A new development might reflect, in some way, the architectural style of the building it replaced — a nod to the past. But the classically designed nine-story office building at 900 16th St. NW, which superseded the Brutalist-style Third Church of Christ, Scientist sanctuary and Christian Science Monitor building, certainly does not. Blessed be.
It took 20 years of hemming, hawing and bargaining with historic preservationists, lawyers and city planners, but the Chevy Chase-based JBG Cos. and Bethesda-based ICG Properties finally delivered their 141,000-square-foot project in 2016 — three years after the development team landed an office anchor in Miller & Chevalier Chartered.
The mixed-use project includes 125,000 square feet of trophy office space, an 11,722-square-foot house of worship for the Third Church of Christ (now the First Church of Christ), 3,895 square feet of retail and three levels of underground parking. It boasts exceptional views, floor-to-ceiling glass bays, a fitness center and a new restaurant in Mirabelle from James Beard Award-winning Executive Chef Frank Ruta.
The Third Church of Christ had sought to redevelop its property since 1991, just 20 years after its initial construction, citing “structural inadequacies and deficiencies.” But a 2007 bid to raze the building sparked a series of lawsuits, an approved historic designation and, ultimately, three years of negotiations between the church, the court, ICG and its partners, the District government and the D.C. Preservation League.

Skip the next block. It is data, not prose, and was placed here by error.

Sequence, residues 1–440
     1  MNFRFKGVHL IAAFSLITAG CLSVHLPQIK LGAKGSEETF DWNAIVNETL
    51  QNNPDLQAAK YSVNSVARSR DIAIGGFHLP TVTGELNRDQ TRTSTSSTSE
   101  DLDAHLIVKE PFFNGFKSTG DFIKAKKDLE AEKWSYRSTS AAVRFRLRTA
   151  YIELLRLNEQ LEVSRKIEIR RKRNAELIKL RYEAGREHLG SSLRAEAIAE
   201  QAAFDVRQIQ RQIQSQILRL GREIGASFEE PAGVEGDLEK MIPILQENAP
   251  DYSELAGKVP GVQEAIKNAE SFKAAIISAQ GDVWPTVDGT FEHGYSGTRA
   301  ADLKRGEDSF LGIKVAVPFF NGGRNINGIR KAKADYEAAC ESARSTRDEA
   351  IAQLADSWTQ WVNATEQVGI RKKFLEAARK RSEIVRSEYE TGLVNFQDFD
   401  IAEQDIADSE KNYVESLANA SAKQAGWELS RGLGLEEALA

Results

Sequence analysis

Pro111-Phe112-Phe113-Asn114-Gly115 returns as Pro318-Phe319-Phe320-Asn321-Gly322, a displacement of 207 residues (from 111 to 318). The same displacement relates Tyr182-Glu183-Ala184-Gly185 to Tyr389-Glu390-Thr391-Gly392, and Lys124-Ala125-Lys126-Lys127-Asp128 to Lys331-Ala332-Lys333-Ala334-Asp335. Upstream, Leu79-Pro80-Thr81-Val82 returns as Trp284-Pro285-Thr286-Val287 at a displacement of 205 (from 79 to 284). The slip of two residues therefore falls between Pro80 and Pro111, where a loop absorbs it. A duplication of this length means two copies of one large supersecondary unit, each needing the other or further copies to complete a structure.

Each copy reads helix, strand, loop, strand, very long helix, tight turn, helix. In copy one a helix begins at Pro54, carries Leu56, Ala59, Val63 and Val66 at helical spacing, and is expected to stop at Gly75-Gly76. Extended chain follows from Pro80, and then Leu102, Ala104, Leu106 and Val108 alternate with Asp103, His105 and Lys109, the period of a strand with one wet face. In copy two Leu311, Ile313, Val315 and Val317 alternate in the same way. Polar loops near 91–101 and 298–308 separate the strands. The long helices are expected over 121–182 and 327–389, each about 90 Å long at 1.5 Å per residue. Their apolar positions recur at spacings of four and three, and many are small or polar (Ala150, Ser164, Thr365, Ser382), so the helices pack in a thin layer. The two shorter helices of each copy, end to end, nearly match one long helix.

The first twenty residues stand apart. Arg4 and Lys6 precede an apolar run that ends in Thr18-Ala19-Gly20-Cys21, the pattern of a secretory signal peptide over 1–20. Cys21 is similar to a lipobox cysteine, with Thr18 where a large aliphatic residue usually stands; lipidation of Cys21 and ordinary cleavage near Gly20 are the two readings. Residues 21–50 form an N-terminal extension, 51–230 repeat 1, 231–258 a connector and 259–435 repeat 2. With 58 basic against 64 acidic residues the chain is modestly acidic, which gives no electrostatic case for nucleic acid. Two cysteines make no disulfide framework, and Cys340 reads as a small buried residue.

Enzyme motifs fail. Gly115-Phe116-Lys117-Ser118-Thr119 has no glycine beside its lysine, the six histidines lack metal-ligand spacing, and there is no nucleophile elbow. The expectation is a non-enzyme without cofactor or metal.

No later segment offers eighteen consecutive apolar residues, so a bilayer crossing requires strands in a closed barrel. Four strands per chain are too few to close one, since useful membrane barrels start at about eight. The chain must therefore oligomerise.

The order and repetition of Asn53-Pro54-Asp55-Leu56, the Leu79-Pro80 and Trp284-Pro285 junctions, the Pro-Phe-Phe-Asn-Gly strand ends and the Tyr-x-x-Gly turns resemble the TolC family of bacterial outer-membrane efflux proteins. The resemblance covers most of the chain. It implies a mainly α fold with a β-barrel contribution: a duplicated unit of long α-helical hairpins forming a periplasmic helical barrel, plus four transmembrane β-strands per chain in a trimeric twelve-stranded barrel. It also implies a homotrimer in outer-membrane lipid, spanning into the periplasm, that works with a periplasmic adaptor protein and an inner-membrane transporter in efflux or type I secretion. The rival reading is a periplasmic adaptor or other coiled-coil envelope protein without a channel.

Under a settlement negotiated between ICG and the DCPL in 2010, the developer was allowed to construct an office building no larger than 156,000 square feet and a new church no larger than 10,000 square feet, while the league agreed not to oppose the demolition or the project, directly or indirectly. ICG also agreed to contribute $450,000 to a fund established by the DCPL “to support mid-century modern and religious architectural programming,” for which the preservation league would take 20 percent as an administrative fee.